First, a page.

When, a few weeks ago, a couple of German MPs suggested that Greece might solve its debt crisis by selling off a couple of islands, their comments were reported with a few tongues firmly in cheeks. But, although the German newspaper Bild’s headline-‘We give you cash, you give us Corfu!’-provided comedy in the deepening Greek tragedy, there will be some of us who wonder about the effect of this turmoil on its 3,000-odd islands, many of which are popular second-home destinations.
Greece is one of a group of European nations in financial difficulties-Portugal, Ireland, Greece and Spain, or PIGS, to use their rather nasty acronym that could offer the opportunity to snap up a property bargain, but are these troubled spots too big a risk for investors?
Charles Weston-Baker of Savills suggests that the prime property areas of Portugal and Spain are still good bets. ‘The Algarve and Marbella are enduringly popular, but became very expensive; now, they offer great opportunities,’ he says. ‘Many people are putting their money in the Algarve’s Quinta do Lago. Now the froth has gone-the annual price rises of 15%-20% have come to a halt-people who have long wanted to own in these prestigious resorts finally can.
‘The same is happening in Sotogrande and La Zagaleta, with people going for quality at a better price. Although Marbella has been very heavily hit, interest is quickening and, having seen two recessions there before, I know the market can change very quickly. The best properties haven’t dropped much in value, but if people really need to sell, you can negotiate 30%-40% off the price.’
Andrew Hawkins, head of international at Chesterton Humberts, also plumps for the Costa del Sol-or Mallorca. ‘If people are prepared to do legwork, southern Spain is always going to be a good bet, down to the winning combination of geography, climate and access,’ he believes.
‘Individual villas have suffered -price drops of 25-30% are common. But, as always, choose the location carefully-go for sea views and access to amenities.’ He cites the example of a more secure market with soft prices Gran Folies Beach Resort in the sought-after area of Puerto Andratx in Mallorca, where a two-bedroom apartment that was €714,000 is now on the market for €550,000.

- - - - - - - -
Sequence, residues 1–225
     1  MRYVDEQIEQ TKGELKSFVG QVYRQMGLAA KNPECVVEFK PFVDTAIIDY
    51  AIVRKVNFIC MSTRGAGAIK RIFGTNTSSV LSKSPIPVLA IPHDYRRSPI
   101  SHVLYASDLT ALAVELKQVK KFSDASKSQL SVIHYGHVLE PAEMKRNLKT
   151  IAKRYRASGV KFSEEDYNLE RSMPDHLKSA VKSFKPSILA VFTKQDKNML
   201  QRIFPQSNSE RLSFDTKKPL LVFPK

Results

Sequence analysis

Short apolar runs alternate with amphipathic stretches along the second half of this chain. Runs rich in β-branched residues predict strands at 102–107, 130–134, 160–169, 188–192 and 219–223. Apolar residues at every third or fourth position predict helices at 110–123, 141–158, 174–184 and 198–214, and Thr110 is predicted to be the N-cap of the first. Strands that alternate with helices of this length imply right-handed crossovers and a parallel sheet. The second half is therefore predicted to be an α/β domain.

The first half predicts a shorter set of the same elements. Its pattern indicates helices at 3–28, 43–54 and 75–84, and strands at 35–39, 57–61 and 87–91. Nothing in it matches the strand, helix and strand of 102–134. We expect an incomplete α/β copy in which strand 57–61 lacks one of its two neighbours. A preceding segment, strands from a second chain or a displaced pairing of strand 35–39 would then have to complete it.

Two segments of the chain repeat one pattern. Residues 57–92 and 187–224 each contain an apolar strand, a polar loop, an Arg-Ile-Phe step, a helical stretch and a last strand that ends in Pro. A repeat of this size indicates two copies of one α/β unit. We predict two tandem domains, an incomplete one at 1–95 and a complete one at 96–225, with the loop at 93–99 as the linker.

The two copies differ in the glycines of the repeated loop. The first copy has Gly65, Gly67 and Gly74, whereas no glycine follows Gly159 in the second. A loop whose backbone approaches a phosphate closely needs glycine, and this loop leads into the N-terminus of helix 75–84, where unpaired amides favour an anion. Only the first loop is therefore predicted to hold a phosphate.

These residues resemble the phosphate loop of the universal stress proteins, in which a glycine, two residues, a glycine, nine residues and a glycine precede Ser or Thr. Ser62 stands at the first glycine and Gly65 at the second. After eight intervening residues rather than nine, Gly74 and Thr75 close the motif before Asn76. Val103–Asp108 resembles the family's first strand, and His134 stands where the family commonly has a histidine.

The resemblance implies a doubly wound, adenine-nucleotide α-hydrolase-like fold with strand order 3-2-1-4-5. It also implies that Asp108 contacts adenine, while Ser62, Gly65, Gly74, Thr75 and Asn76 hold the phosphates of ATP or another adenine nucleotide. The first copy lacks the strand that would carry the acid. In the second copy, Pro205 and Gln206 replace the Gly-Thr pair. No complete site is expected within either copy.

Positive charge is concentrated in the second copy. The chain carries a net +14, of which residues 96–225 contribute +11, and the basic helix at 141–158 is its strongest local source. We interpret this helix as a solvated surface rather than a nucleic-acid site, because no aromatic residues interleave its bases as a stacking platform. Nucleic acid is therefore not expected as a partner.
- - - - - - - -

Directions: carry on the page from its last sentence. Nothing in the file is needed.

Although, for Mr Hawkins, Portugal’s time hasn’t yet come, Knight Frank’s Georgina Richards would put her money into a property on the western Algarve. ‘Prices have fallen by 30%, but will go up in the long term-and, culturally, it has a lot to offer, with charming fishing villages and great sweeping beaches,’ she says. ‘You can get a good-sized villa for less than €1 million.’
Robert Green of Cluttons Resorts sees potential further north on the Alentejo coast-between the Algarve and Lisbon-where he’s about to launch a project. ‘It’s an emerging area, costing 20%-40% less than the Algarve, yet planning has been restricted to premium brands-Banyan Tree, Six Senses, Park Hyatt. With question marks over Spain-corruption, over-building-more people might look to understated Portugal, Greece is one to watch-there’s no need to rush there.’
Beleaguered Greece deserves the last word. Piers Williams of Aylesford International-which has opened an office in the Ionian Islands this month-reckons that the lure of affordable beachfront means buyers won’t be deterred.
‘North-east Corfu and Mykonos are pricy, but the decline in the domestic market has tempered prices that were previously unrealistic. In Ithaca, Zakynthos and Kefalonia, you can get a decent villa with sea views for €600,000-€800,000. High-end stock is rare, particularly in the yachty hotspots of Fiskardo [Kefalonia] and Sivota bay in Lefkada.’
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